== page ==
The U.S. Equal Employment Opportunity Commission


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CHARLOTTE, N.C. - Ida L. Castro, Chairwoman of the U.S. Equal Employment Opportunity Commission (EEOC), will be in Charlotte April 27-28 to meet with community and business leaders to discuss strategies for creating discrimination-free workplaces and to encourage voluntary compliance with the laws enforced by the EEOC.

On April 28, she will address the American Bar Association at a noon luncheon at the Hilton Charlotte University Place, 8626 J. M. Keynes Drive. Ms. Castro will be available to meet with the news media following her speech.

It will be Chairwoman Castro's first visit to North and South Carolina as head of the agency. She has a rigorous schedule of sessions with various groups and individuals who, she said, "have a stake in the EEOC's work. I want to learn what we can do collaboratively to ensure that employers and workers throughout the Carolinas understand their rights and responsibilities under the agency's anti-discrimination laws."

Ms. Castro further indicated that EEOC is observing its thirty-fifth year of operation in the year 2000. "Although the EEOC's mission -- to rid the nation of employment discrimination -- has remained constant since the agency opened its doors a year after passage of the Civil Rights Act of 1964," she said, "our nation has yet to close the chapter on discrimination at the workplace. This dialogue with our stakeholders is critical to our accomplishing this important mission."

Prior to arriving in Charlotte, Ms. Castro will be in Columbia, S.C., on April 25, 26, and the morning of April 27. She will attend meetings with civil rights, union, and advocacy groups, as well as plaintiff and employer attorneys, and business representatives. At these sessions she will exchange ideas on strengthening local enforcement actions, increasing education, and providing improved customer service on equal employment opportunity matters.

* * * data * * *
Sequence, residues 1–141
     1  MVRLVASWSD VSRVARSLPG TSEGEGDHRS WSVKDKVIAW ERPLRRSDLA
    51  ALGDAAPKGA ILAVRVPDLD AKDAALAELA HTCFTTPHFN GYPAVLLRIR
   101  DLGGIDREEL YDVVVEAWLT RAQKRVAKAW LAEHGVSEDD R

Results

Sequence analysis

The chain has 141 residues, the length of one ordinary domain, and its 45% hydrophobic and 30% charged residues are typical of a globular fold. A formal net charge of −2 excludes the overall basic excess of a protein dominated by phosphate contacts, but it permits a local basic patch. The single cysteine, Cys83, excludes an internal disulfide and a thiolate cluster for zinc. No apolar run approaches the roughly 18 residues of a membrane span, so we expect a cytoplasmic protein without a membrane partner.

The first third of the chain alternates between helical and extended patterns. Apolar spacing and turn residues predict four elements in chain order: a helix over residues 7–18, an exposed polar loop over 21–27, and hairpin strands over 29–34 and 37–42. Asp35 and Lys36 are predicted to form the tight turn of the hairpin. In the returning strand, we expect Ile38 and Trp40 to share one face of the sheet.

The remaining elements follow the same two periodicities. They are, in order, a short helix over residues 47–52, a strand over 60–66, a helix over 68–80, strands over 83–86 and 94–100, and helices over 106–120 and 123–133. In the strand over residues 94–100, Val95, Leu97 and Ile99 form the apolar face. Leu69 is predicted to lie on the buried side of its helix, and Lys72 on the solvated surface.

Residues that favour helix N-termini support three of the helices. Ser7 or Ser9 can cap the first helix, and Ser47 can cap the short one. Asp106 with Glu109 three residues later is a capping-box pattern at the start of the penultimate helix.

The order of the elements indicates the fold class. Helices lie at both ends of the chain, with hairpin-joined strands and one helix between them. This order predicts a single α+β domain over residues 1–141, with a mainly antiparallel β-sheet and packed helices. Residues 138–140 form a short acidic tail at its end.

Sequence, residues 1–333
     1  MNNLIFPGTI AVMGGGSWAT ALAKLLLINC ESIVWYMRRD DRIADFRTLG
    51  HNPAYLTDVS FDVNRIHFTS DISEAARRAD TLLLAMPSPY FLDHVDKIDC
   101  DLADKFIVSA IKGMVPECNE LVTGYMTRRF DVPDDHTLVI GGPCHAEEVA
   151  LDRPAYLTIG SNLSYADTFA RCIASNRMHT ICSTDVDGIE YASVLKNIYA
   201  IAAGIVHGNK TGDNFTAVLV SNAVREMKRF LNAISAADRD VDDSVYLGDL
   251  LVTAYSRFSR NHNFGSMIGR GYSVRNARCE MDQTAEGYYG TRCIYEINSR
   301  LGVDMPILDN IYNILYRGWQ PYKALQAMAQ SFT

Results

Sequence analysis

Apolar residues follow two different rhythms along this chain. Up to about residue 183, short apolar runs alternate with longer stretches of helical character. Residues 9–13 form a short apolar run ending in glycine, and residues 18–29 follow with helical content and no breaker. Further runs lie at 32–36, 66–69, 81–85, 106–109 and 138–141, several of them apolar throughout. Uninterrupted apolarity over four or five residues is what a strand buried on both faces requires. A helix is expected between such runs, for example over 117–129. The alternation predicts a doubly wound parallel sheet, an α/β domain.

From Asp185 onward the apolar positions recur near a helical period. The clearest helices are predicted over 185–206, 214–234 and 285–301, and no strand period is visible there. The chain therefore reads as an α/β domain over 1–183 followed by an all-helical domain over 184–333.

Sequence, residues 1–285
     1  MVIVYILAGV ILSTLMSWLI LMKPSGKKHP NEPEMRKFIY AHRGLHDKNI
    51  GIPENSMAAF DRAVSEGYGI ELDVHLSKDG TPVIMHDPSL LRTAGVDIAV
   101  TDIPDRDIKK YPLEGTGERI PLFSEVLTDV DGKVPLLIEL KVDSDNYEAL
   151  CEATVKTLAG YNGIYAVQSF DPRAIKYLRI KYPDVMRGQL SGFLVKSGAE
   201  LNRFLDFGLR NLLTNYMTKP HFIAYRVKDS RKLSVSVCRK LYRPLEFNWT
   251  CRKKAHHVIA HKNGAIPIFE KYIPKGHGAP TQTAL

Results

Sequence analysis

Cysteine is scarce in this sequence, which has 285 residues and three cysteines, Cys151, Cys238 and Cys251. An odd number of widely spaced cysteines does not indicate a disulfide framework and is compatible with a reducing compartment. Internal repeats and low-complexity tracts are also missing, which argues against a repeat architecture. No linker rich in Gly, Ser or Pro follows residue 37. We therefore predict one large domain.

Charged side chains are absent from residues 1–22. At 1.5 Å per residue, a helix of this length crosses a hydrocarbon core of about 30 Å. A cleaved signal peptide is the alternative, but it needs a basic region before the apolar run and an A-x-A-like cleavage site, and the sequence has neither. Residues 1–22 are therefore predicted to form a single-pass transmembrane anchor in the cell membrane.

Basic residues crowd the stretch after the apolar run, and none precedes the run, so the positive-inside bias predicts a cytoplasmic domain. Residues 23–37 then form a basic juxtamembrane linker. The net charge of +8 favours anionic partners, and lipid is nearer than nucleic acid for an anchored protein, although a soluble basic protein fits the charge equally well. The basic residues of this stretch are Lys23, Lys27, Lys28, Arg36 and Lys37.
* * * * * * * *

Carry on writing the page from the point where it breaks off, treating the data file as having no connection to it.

The EEOC's Charlotte District Office, which has an extensive outreach and education program that reaches workers and businesses in outlying communities, has jurisdiction over federally filed employment discrimination charges in both North and South Carolina. In addition to the Charlotte office, EEOC has offices in Raleigh and Greensboro, N.C., and in Greenville, S.C. A total of approximately 2,200 charges were filed with these offices in the first six months of EEOC's current fiscal year, which began October 1, 1999.

Since her tenure began in October 1998, Ms. Castro has focused on expanded outreach, education, and technical assistance to a broad range of agency stakeholders and has solicited their feedback on EEOC enforcement operations. For example, she has placed special emphasis on direct communication with small businesses and under-served minority communities to maximize collective efforts to prevent discrimination and enhance efficiency and fairness in addressing discrimination when found.

The EEOC enforces federal laws prohibiting employment discrimination based on race, color, religion, sex, national origin, age, or disability in the private sector and state and local government. Further information about the agency is available at

This page was last modified on April 26, 2000.

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